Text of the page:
|Publication number||US5089556 A|
|Application number||US 07/458,113|
|Publication date||Feb 18, 1992|
|Filing date||Dec 28, 1989|
|Priority date||Sep 5, 1986|
|Also published as||CA2071523A1, EP0507855A1, EP0507855A4, WO1991009729A1|
|Publication number||07458113, 458113, US 5089556 A, US 5089556A, US-A-5089556, US5089556 A, US5089556A|
|Inventors||Ricky L. Tabor, Chad A. Strait, Gerald M. Lancaster|
|Original Assignee||The Dow Chemical Company|
|Export Citation||BiBTeX, EndNote, RefMan|
|Patent Citations (19), Referenced by (23), Classifications (17), Legal Events (6)|
|External Links: USPTO, USPTO Assignment, Espacenet|
This application is a continuation-in-part application of U.S. Ser. No. 229,078, filed Aug. 5, 1988, now U.S. Pat. No. 4,927,888, which in turn is a continuation-in-part application of U.S. Ser. No. 905,099, filed Sept. 5, 1986, now U.S. Pat. No. 4,762,890.
This invention relates to ethylene polymers and blends containing grafted dicarboxylic acid functionality which have adhesive properties and are heatable by RF electromagnetic radiation. More particularly, this invention relates to dicarboxylic acid grafted and carbon monoxide-containing ethylene polymers and blends thereof which are useful as adhesive layers in laminate structures where RF heat sealing methods can be employed.
The use of high-frequency electromagnetic energy as a means of heating polymers is an advancing art which finds application in many fields. For instance, sealing of a polymer to itself or to some other substrate can be an important commercial technique in producing a desired end-product. However, there are some polymers which are not generally suitable for high-frequency heating operations. In such polymers, high-frequency heating either does not occur, or if it occurs, it does so slowly. In production assembly lines, a quick heat-seal is important.
Among the polymers which are ill-suited for high frequency heating are olefin polymers, e.g., polymers and copolymers of ethylene, propylene, styrene or other α-olefinically unsaturated hydrocarbons having 2 to 10 carbon atoms. Some of these olefin polymers may contain polar groups, or polarizable groups which are generally introduced by the copolymerization of acrylic (or methacrylic) acids or their alkyl esters as comonomers with the α-olefins Such polar groups may, at high levels of incorporation, tend to impart a modicum of high-frequency heatability to the polymer, but the efficacy is generally so slight that it is not feasible on a commercial basis. Some polymers having polar groups, e.g., chlorinated polyethylene (CPE), ethylene/vinyl acetate copolymer (EVA), polyvinylchloride (PVC), polyvinylidene chloride (PVDC), and polyamides can be radiation heated at certain frequencies of electromagnetic radiation, but are not generally heated at the higher frequencies which are frequencies of current commercial interest.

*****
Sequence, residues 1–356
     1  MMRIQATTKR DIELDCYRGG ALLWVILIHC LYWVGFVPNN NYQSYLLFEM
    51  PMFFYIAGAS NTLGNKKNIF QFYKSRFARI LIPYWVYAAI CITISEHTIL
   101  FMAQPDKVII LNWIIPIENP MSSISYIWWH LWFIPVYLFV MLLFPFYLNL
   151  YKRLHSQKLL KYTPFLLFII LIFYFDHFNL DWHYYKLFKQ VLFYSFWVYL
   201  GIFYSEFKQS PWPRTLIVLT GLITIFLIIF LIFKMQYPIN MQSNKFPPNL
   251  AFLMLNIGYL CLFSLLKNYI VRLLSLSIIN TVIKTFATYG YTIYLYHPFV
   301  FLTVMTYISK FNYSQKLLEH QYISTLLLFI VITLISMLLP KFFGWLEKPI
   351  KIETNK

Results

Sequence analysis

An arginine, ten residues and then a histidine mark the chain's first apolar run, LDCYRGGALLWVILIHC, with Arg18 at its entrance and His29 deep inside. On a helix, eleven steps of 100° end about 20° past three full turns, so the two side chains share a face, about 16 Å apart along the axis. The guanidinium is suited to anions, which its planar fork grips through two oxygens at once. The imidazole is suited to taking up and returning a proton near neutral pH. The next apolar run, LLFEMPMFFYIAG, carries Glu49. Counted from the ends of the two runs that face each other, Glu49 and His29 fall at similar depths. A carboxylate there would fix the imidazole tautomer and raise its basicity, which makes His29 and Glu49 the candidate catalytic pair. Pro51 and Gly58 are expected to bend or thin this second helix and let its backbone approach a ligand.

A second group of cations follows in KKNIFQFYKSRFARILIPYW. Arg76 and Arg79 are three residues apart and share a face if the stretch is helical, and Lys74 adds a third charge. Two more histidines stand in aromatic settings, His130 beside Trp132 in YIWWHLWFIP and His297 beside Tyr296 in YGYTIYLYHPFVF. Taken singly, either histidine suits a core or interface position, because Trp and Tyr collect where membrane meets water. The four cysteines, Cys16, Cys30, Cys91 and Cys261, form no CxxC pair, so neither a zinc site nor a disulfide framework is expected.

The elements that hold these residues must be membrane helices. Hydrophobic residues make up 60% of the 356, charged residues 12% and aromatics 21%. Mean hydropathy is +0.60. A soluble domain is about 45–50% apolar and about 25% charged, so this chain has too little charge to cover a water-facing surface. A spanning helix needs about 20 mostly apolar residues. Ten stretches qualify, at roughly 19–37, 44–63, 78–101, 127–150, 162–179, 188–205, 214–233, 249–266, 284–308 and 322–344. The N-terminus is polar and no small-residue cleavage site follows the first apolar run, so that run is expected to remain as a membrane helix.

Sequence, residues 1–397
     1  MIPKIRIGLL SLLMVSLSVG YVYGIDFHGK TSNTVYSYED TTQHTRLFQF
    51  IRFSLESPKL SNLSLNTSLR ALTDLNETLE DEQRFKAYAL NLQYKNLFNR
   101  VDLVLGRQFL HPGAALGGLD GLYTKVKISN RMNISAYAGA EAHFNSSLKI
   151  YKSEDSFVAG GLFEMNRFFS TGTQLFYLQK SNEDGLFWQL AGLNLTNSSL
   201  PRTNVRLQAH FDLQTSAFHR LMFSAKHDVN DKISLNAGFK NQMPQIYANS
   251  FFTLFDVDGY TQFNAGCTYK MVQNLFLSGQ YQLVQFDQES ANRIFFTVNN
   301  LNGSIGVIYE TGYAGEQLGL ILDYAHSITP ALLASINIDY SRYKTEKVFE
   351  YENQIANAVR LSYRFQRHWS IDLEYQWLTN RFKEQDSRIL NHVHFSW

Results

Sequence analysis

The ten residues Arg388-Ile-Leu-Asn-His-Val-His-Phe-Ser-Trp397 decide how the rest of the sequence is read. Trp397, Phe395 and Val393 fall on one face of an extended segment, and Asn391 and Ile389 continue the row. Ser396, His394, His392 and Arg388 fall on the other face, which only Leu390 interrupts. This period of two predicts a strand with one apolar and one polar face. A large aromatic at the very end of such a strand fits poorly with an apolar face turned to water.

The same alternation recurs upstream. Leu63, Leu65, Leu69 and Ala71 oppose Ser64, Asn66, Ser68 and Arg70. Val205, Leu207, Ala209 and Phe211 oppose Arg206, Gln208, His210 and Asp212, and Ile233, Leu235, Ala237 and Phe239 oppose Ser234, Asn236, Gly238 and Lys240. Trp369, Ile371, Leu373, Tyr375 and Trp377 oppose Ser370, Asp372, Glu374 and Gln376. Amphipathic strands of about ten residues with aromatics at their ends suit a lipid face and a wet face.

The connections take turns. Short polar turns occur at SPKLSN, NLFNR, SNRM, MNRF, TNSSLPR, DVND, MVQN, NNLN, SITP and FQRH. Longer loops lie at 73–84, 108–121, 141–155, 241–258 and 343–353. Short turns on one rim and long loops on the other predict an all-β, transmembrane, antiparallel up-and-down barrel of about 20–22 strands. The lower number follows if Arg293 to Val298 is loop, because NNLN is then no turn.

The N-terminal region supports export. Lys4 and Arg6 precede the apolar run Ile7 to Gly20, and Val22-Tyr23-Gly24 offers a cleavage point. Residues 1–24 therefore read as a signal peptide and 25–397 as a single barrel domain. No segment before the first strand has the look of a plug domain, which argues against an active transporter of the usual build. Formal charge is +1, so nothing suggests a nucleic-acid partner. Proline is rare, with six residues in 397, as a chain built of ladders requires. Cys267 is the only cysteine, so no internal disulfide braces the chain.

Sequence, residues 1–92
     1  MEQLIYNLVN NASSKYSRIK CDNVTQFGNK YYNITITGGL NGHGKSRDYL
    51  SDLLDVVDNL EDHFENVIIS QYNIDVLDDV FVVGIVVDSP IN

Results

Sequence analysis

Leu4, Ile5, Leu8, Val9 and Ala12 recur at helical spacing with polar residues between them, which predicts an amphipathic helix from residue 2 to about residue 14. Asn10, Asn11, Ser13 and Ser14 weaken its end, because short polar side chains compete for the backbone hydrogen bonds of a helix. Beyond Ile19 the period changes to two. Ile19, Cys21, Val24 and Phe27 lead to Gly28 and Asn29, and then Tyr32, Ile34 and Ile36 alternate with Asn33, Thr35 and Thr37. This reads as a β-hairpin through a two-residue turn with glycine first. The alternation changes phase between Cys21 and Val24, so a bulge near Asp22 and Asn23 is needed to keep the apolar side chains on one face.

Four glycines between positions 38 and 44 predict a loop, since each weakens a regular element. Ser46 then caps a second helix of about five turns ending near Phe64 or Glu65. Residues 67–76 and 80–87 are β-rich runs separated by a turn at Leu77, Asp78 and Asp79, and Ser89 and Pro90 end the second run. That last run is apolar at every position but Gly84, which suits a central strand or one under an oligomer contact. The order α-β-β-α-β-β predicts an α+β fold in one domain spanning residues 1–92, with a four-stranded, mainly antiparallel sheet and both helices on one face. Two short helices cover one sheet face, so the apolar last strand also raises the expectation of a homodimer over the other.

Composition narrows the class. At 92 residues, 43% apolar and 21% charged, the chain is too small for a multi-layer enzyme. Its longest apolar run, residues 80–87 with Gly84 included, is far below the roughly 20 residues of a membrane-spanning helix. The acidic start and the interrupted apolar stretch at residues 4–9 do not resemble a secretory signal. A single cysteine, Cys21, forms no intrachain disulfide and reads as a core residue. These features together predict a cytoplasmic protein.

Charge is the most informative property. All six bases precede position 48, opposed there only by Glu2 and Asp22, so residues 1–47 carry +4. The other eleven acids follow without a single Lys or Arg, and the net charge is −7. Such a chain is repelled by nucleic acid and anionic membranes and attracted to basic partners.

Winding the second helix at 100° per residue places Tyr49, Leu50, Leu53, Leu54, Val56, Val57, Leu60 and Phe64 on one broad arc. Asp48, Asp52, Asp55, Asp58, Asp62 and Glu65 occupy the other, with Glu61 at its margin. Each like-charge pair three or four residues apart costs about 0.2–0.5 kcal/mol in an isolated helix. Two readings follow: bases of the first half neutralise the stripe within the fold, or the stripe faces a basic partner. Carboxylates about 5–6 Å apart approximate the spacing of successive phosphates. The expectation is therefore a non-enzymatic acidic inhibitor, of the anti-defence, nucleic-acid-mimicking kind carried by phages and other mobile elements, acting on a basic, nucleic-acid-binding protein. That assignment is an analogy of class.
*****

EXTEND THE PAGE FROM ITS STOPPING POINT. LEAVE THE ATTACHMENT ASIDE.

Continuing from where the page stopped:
Polyethylene is shown in the art to be substantially unsuitable for high-frequency heating unless sensitizers are added to the polymer; this observation applies regardless of whether the polyethylene is linear or branched, or regardless of whether it is low, medium, or high density (see, for example, U.S. Pat. Nos. 3,336,173; 3,640,913; and 3,810,799).
U.S. Pat. Nos. 4,847,155; 4,787,194; 4,766,035; 4,762,731; 4,684,576; 4,678,713; 4,671,982; 4,660,354; 4,640,865, 4,601,948; and 4,600,614, all to Lancaster et al., disclose high frequency (HF) heatable or sealable ethylene-carbon monoxide (ECO) copolymers. It is stated, for example, in U.S. Pat. No. 4,601,948 that non-HF-heatable or non-HF-sealable polymers can be made to be HF-sealable by either incorporation of carbon monoxide by copolymerization or by blending or grafting a carbon monoxide copolymer or terpolymer into the polymer matrix. This patent additionally discloses ethylene-carbon monoxide-acrylic acid and ethylene-carbon monoxide methacrylic acid terpolymers which have HF-sealability and improved adhesion.
Grafting unsaturated monomer molecules onto α-olefin polymers and copolymers has been disclosed in a number of patents. The grafting technique has been used to modify the polymer properties to which the grafted molecules are attached. The following patents are representative of the prior art on grafting: U.S. Pat. Nos. 2,970,129; 3,177,269; 3,270,090; 3,873,643; 3,882,194; 3,886,227; 4,087,587; 4,087,588; 4,239,830; 4,298,712; 4,394,485; U. K. Patent 2,081,723; Jap.
U.S. Pat. No. 4,684,576 to Tabor et al. discloses maleic anhydride grafted high density polyethylene (HDPE) which is blended with low density polyethylene (LDPE) and linear low density polyethylene (LLDPE). These blends are stated to impart enhanced adhesive properties. These grafted and blended polymers lack carbon monoxide as a component, however, and are not suitable to be heated by high frequency electromagnetic energy.